What was in the safe? The FBI would love to know. And Malcolm Bannister would love to tell them. But everything has a price—especially information as explosive as the sequence of events that led to Judge Fawcett’s death. And the Racketeer wasn’t born yesterday . . .

Nothing is as it seems and everything’s fair game in this wickedly clever new novel from John Grisham, the undisputed master of the legal thriller.

Grisham fans, we have plenty of signed copies of CALICO JOE released April 10th.

A large crowd formed outside Square Books in anticipation of Caroline Kennedy's book signing October 11th.   At 4 p.m. Ms. Kennedy took her seat behind a table in the back of the store and graciously greeted everyone in attendance, many of whom related stories about the influence her family had had on their lives. She asked questions of many Ole Miss students, and was photographed continuously, shook a lot of hands, signed all the copies of Listening In, and surprised the crowd down the street at Off Square Books with an impromptu appearance on Thacker Mountain Radio. Backstage she met Charlie Mars, who gave her his new CD, Blackberry Light, along with a brief (and we suspect partial) tattoo presentation.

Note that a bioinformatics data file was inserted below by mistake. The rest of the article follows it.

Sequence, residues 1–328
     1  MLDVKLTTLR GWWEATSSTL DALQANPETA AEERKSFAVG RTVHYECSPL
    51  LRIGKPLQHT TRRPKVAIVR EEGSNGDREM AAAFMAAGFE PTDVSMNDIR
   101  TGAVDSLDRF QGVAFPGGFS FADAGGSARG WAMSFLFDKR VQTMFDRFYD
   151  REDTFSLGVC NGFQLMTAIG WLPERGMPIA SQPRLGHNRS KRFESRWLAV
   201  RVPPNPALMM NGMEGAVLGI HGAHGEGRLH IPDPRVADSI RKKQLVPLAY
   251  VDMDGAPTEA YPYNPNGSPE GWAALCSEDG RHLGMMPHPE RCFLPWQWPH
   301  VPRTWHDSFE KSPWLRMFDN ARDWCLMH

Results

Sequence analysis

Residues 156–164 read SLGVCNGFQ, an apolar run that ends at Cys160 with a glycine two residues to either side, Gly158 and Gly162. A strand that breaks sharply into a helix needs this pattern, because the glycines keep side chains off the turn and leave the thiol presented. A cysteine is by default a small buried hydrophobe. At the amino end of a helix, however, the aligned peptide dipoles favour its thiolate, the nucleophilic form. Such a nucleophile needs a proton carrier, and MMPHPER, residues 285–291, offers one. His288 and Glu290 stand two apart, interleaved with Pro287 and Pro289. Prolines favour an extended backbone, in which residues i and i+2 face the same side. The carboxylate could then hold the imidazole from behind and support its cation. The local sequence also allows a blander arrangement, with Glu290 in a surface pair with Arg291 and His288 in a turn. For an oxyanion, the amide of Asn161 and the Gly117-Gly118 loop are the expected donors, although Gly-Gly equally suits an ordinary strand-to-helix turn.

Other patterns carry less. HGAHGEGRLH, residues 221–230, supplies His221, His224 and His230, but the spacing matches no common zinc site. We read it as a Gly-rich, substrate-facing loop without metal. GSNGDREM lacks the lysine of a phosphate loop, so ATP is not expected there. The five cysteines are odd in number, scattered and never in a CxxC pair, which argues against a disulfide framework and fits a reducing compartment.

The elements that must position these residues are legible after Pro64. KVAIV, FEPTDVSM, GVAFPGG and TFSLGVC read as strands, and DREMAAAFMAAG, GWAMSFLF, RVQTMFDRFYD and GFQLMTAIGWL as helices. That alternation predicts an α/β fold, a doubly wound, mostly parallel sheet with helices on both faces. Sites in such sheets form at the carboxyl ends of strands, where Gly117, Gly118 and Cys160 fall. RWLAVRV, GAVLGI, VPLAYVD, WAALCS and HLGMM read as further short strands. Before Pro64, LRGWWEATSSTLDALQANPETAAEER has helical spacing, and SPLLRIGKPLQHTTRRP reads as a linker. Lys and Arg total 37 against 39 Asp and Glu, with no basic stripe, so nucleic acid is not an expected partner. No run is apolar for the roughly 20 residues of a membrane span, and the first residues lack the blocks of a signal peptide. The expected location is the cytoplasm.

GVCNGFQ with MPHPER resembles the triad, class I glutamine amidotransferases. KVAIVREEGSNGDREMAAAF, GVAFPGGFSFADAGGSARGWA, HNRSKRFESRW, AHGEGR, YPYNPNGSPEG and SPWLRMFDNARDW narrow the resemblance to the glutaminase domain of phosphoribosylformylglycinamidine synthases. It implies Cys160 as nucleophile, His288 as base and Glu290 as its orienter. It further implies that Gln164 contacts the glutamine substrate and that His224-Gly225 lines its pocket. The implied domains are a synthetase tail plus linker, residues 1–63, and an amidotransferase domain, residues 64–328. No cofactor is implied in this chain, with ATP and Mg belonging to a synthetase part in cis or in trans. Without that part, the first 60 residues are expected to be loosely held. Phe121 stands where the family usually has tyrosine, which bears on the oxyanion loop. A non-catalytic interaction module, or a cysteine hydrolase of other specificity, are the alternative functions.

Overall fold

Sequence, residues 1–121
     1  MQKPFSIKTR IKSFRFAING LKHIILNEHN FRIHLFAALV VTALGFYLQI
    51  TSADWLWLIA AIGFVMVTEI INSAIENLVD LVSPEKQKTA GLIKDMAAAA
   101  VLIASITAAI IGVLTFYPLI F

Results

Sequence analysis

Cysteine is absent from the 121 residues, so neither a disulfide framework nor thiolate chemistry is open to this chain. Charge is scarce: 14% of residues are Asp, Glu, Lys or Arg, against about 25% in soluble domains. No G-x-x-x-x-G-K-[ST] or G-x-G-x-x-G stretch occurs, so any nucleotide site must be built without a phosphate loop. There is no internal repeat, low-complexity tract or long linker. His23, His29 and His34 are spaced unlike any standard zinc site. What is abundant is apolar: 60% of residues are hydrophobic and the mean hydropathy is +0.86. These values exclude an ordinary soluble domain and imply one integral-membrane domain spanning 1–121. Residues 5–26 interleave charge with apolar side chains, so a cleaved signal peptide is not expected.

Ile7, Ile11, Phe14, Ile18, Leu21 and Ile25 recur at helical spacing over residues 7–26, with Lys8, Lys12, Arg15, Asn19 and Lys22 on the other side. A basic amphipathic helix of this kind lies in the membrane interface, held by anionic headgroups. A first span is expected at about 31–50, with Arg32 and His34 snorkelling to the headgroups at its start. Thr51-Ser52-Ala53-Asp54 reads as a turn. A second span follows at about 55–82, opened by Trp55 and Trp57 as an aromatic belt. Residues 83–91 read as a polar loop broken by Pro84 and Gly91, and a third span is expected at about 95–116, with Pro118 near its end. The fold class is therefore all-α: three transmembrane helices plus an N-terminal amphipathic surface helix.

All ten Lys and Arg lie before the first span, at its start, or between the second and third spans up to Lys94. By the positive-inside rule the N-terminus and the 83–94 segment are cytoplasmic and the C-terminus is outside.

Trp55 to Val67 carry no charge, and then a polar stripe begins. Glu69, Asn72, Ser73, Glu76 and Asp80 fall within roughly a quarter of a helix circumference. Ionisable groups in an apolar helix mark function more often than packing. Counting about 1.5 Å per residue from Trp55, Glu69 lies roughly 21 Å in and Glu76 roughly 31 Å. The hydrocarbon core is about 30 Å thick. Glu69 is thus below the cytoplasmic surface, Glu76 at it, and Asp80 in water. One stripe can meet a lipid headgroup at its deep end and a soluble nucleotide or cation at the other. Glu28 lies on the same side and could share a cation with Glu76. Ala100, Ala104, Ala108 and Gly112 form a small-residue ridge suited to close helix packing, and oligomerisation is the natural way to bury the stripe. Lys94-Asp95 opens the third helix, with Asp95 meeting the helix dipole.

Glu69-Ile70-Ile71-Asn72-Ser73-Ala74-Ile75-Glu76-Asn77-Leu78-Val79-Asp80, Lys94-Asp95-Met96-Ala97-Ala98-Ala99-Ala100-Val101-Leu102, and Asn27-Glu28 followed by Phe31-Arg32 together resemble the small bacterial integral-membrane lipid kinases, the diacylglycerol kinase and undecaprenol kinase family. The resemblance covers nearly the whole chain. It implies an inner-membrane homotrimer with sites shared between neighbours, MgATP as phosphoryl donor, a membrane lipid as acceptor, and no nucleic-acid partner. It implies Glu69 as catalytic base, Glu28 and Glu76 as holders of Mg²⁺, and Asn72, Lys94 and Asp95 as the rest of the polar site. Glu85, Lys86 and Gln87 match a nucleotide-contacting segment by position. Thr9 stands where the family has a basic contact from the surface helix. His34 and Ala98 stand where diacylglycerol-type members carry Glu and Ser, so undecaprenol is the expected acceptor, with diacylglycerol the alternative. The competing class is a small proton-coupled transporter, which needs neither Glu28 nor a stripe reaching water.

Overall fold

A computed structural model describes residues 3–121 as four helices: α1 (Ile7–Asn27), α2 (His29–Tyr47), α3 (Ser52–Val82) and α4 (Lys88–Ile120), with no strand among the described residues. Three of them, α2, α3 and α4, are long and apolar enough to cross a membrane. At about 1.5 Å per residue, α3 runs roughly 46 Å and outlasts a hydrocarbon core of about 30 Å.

Having been urged to come to Oxford by her daughter, Rose, who visited Oxford this summer, Caroline Kennedy took the time to acquaint herself with our town, and was noticed by lots of folks as she walked around the Square, ate in local restaurants, drove around town and campus, and toured Rowan Oak. She took a special interest in seeing the home of L. Q. C. Lamar, as Lamar is one of the subjects of her father's classic book, Profiles In Courage. Her visit here is unquestionably one of Square Books' prouder and more memorable moments.  RH

**We have a few signed copies of LISTENING IN left at Square Books so call and order today.